As Robert over at the California High Speed Rail Blog put it this morning, President-elect Barack Obama’s Saturday address again emphasized “roads and bridges” as the basis for stimulus investment and made no mention of public transit or rail funding in the package that will be released in the next few weeks. Once again, we have been disappointed by a candidate who claimed during the campaign to be interested in rebuilding our cities and improving Amtrak.
The incoming administration’s rhetoric – “post-ideological” or “anti-ideological” – is coming dangerously close to meaning nothing more than a continuation of existing policy. The administration’s marked unwillingness to pronounce itself in favor of any big idea, whether national health care, a carbon tax, or in our case, high-speed rail or transit investment, is not “pragmatic,” the word Mr. Obama’s proponents use to defend the President-elect’s conservatism. It is simply conservative.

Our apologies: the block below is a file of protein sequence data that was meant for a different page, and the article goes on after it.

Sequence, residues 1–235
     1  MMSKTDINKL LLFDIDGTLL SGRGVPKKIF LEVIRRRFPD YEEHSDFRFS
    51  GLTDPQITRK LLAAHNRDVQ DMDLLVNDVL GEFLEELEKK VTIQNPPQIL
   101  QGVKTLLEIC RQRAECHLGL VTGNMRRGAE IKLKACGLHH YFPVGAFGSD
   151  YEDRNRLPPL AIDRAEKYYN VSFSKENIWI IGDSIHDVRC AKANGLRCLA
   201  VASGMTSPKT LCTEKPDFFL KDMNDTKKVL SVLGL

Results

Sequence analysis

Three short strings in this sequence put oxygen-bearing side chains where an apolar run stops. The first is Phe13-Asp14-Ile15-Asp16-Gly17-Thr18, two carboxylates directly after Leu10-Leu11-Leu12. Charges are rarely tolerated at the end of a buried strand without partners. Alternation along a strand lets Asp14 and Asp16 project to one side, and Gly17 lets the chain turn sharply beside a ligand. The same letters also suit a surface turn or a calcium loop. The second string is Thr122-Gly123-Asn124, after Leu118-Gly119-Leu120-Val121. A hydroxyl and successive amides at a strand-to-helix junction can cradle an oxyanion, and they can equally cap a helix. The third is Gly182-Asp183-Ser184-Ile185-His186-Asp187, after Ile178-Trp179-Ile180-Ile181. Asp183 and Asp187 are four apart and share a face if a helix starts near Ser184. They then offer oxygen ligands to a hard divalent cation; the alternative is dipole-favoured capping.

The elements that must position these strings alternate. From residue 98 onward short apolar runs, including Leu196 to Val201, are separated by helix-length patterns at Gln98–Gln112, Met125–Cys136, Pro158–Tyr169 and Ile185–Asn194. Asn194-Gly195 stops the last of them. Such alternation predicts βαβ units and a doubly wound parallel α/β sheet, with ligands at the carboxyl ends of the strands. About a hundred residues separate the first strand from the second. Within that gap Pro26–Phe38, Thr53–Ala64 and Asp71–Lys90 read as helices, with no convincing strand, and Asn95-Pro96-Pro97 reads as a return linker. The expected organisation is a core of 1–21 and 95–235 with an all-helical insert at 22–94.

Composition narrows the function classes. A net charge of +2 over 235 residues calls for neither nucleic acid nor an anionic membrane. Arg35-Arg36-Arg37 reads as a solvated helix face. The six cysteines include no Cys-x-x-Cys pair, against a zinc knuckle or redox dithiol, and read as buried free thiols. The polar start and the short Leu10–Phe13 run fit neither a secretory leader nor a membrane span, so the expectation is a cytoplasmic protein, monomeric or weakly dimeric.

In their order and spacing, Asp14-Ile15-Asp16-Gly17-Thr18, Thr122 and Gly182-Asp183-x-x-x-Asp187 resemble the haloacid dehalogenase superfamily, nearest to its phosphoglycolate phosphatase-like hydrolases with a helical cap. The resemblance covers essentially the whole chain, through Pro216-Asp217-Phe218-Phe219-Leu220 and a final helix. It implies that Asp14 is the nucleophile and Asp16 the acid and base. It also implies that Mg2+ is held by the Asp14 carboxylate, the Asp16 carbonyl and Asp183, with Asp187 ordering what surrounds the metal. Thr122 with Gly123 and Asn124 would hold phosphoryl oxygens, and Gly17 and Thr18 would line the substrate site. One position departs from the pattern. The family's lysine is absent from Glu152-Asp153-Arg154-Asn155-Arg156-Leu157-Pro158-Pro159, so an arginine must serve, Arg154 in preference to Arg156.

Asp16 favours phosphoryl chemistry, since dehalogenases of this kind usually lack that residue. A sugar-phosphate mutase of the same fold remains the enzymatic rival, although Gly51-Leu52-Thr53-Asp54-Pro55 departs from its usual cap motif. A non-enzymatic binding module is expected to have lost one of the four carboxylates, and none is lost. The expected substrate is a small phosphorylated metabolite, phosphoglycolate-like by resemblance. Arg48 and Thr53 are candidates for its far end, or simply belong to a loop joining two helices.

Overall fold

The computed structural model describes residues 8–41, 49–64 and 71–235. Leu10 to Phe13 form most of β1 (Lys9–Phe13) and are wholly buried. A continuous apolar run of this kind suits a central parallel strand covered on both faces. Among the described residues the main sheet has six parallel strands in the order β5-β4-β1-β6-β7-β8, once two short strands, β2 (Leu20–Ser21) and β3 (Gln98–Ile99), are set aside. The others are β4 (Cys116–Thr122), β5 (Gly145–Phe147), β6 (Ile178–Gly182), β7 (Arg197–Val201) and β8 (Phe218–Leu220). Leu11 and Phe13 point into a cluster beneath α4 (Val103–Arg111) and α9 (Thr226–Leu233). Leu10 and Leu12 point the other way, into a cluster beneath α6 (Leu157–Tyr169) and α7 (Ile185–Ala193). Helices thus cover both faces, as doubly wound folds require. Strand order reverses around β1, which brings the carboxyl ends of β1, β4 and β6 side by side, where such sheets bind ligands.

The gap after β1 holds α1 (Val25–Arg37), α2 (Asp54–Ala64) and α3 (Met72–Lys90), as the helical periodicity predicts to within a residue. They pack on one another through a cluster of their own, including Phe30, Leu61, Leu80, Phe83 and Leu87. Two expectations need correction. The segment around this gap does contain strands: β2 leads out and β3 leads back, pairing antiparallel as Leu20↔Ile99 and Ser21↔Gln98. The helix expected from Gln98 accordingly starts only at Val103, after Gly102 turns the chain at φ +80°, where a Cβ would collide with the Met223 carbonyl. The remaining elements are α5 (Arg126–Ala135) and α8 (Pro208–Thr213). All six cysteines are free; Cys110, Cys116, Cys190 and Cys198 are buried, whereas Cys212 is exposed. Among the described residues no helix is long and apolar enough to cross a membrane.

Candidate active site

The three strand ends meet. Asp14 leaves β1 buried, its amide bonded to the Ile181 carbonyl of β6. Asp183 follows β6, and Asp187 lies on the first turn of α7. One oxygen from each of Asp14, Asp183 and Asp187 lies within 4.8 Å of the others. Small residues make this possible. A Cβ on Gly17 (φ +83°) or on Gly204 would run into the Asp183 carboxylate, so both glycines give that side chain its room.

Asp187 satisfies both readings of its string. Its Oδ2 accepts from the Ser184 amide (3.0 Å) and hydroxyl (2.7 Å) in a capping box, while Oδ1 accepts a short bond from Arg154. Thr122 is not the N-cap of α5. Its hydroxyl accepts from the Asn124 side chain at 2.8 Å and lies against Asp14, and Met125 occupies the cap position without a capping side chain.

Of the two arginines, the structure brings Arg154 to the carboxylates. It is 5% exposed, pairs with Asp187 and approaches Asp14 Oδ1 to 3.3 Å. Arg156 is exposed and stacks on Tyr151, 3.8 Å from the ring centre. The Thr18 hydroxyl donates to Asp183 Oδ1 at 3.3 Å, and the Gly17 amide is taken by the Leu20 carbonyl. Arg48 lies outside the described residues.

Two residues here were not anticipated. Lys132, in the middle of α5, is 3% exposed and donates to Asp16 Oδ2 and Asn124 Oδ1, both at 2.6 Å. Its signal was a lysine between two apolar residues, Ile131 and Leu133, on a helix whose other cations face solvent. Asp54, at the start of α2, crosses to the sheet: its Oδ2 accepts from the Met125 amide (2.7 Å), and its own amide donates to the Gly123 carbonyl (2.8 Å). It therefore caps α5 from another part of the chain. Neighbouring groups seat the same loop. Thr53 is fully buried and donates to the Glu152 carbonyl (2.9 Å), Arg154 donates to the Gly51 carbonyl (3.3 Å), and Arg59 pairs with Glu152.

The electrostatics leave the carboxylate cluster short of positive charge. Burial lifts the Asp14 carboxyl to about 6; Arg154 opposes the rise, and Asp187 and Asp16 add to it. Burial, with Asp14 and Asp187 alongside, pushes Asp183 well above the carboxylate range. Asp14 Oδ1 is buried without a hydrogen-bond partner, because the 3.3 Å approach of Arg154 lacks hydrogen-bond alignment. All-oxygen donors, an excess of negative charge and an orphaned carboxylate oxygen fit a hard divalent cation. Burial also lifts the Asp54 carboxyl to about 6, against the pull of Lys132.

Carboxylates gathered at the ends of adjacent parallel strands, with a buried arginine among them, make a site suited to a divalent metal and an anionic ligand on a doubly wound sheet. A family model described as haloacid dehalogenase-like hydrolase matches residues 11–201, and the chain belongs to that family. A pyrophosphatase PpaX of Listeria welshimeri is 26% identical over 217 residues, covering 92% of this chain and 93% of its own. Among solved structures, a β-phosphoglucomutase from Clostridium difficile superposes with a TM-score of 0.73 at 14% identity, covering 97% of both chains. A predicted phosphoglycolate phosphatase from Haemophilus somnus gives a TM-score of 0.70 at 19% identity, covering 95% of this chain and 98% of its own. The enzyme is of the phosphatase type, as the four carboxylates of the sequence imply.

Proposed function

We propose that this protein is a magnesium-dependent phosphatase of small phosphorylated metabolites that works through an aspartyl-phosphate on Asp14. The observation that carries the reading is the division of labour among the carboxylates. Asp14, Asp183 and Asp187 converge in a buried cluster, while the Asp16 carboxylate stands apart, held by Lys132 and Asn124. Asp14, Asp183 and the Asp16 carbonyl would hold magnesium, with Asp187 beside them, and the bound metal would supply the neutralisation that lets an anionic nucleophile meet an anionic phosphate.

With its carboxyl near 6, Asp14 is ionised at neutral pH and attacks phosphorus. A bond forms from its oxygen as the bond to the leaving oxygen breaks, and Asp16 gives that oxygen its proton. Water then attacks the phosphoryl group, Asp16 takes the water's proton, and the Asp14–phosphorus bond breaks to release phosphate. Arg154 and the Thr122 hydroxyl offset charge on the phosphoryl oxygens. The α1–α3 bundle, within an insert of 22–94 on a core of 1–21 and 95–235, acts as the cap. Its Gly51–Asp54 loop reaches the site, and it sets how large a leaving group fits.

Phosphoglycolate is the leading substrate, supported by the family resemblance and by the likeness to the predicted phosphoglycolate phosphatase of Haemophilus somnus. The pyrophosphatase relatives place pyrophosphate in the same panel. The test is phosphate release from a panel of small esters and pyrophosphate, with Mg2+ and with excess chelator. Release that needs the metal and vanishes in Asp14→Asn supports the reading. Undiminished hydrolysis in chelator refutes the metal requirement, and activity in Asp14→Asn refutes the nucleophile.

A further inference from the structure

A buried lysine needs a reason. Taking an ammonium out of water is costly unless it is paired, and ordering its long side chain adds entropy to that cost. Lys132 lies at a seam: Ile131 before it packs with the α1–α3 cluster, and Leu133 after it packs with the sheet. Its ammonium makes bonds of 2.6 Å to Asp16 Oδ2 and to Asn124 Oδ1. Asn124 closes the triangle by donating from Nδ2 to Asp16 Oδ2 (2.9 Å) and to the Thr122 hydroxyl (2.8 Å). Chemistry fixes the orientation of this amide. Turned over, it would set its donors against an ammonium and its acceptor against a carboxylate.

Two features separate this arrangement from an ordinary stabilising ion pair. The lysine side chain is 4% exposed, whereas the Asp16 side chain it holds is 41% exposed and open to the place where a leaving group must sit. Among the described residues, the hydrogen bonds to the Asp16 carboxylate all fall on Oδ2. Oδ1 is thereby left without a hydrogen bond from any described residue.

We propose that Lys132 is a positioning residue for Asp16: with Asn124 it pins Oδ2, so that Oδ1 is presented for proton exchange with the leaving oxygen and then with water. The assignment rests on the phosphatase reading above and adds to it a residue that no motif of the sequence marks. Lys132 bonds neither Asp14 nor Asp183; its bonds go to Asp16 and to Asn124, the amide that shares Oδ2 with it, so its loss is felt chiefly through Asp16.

There are signs that the big changes will come in the transportation bill, due for reauthorization this year, and whose writing is under the guidance of transit-friendly Congressmen Earl Blumenauer (D-OR) and James Oberstar (D-MN).
But what is Mr. Obama, with the biggest bully-pulpit in the world, doing to demonstrate his commitment to transit or to the renewal of our degenerated urban areas? When are we going to hear him argue that we have a responsibility to use these stimulus funds responsibly, rather that for the same wasteful, environmentally-destructive highway projects we’ve been sponsoring for more than fifty years? When is public transportation going to get a real chance in the United States?
The stimulus bill is expected to cost American taxpayers upwards of $700 billion. It would be quite a disappointment if the majority of that money simply went to rebuilding highways.